Millions in Libya in urgent need of aid and protection, warns UN

Libya Channel 

Nearly half the population of Libya is in need of protection and humanitarian aid, the UN has said, warning that millions lacked access to food, healthcare, water and sanitation amid a year-long civil war.

Some 2.4 million people – out of the 6-million-strong population – are in need of assistance as the fighting has shattered the country,  the Office for the Coordination of Humanitarian Affairs (OCHA) said in a report published Thursday. Of that number an estimated 1.9 million people require help to meet their basic health care needs. Hundreds of thousands of children are also affected.

Kidnappings, assassinations, sexual violence and trafficking were also on the rise, the UN agency added.

“The conflict has restricted access to basic goods and services, including food, healthcare, water and sanitation and education. The health care system has deteriorated to the point of collapse, leading to an increase in serious illness and disease,” the report read. Some 60 percent of the country’s hospitals – lacking equipment, supplies and personnel – have had to periodically close in the last six months.

While  over 1.28 million people are food-insecure, with the most severe cases reported in the eastern city of Benghazi and in the south.

The latest conflict erupted when armed coalition Libya Dawn swept control of Tripoli last year, setting up a rival administration and forcing the internationally-recognized parliament to operate over 1500km to the east.

Forces loyal to both sides have been battling for control of strategic territory across the country. Fighting has erupted in major cities including Tripoli, Misrata, Sirte, Benghazi and Derna along the coast and in the central oasis city of Sabha.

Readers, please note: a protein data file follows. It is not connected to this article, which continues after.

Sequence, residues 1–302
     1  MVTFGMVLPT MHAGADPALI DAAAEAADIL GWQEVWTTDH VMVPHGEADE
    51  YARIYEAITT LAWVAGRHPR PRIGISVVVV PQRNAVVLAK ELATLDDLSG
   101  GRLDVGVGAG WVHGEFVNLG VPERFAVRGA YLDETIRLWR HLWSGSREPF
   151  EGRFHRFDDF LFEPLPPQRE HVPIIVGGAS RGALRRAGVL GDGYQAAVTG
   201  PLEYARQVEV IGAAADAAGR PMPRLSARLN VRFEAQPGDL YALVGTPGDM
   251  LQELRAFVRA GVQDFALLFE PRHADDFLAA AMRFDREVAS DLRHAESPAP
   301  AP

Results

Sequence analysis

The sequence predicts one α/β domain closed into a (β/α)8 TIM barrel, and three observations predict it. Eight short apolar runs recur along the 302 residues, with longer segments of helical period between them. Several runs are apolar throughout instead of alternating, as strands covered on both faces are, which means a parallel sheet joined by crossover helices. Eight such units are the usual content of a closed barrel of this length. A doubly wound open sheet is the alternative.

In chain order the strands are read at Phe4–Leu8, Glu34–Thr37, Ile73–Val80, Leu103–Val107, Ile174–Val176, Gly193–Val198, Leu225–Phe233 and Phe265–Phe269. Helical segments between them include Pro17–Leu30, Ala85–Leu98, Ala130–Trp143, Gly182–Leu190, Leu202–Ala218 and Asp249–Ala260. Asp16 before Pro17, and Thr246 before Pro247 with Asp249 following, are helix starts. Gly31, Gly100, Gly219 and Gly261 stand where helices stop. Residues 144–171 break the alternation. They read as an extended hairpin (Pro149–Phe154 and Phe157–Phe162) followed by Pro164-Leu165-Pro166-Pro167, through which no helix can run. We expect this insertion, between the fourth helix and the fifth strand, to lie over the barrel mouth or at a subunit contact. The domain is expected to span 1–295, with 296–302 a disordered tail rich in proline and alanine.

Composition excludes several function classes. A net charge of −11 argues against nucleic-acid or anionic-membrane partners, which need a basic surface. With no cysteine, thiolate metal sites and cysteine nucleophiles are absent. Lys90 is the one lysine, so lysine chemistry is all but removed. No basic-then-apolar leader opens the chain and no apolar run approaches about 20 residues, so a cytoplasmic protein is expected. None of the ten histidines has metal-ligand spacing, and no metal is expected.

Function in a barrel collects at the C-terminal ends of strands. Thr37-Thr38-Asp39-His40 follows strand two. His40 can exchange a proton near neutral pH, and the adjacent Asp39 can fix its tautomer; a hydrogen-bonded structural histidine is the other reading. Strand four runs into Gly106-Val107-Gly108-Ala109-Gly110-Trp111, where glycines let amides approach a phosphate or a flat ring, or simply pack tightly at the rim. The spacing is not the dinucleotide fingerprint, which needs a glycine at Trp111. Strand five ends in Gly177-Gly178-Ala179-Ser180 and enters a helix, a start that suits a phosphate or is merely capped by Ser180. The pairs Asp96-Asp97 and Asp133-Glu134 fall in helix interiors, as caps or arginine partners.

In the complete security vacuum an insurgency has flourished and violence has soared, the UN found.

“With a lack of governance and rule of law, the protection environment has deteriorated sharply, with an increase in the incidences of abductions, targeted killings, robberies, trafficking, and endemic violence,” it wrote.

“There are widespread cases of reported sexual violence with girls, women..  refugees, asylum-seekers and migrants the most affected,” it added.

The violence has forced some 435,000 to flee their homes in search of safety and security. Many are now living in outdoor camps, schools and empty warehouses.

Across the conflict there have been widespread violations of international humanitarian and human rights law by all sides, including against women and children, the UN agency said.

Vulnerable groups like the estimated 250,000 refugees, asylum-seekers and migrants in the country were among the hardest hit.

Libya has for years been a hub for people trafficking to Europe as heavily armed smugglers have exploited the breakdown in the state to operate their lucrative trade.  Migrants and refugees have reported being subject to torture, illegal detention and extortion.

The armed conflict has also severely affected over 900,000 children.  There has been a decrease in school enrollment rates – by 17 percent for girls and 21 percent for boys, said OCHA. The lowest drop was in Benghazi – where the army has launched a fresh offensive against armed groups last month.

Children are also suffering psychologically -approximately 270,000 children are in need of psycho-social support in Tripoli and Benghazi alone.

The report predicted the situation to worsen as international aid agencies and foreign workers have had to evacuate the country. Local aid workers are, meanwhile, unable to access many of the vulnerable communities and do not have the menas to deal with the crisis, the UN report found.

The UN is hosting a final round of peace talks between representatives of both sides in Skhirat, Morocco this week. They hope a peace deal will be signed in the next few days to lay the groundwork for a national unity government which will halt the complete collapse of the country.

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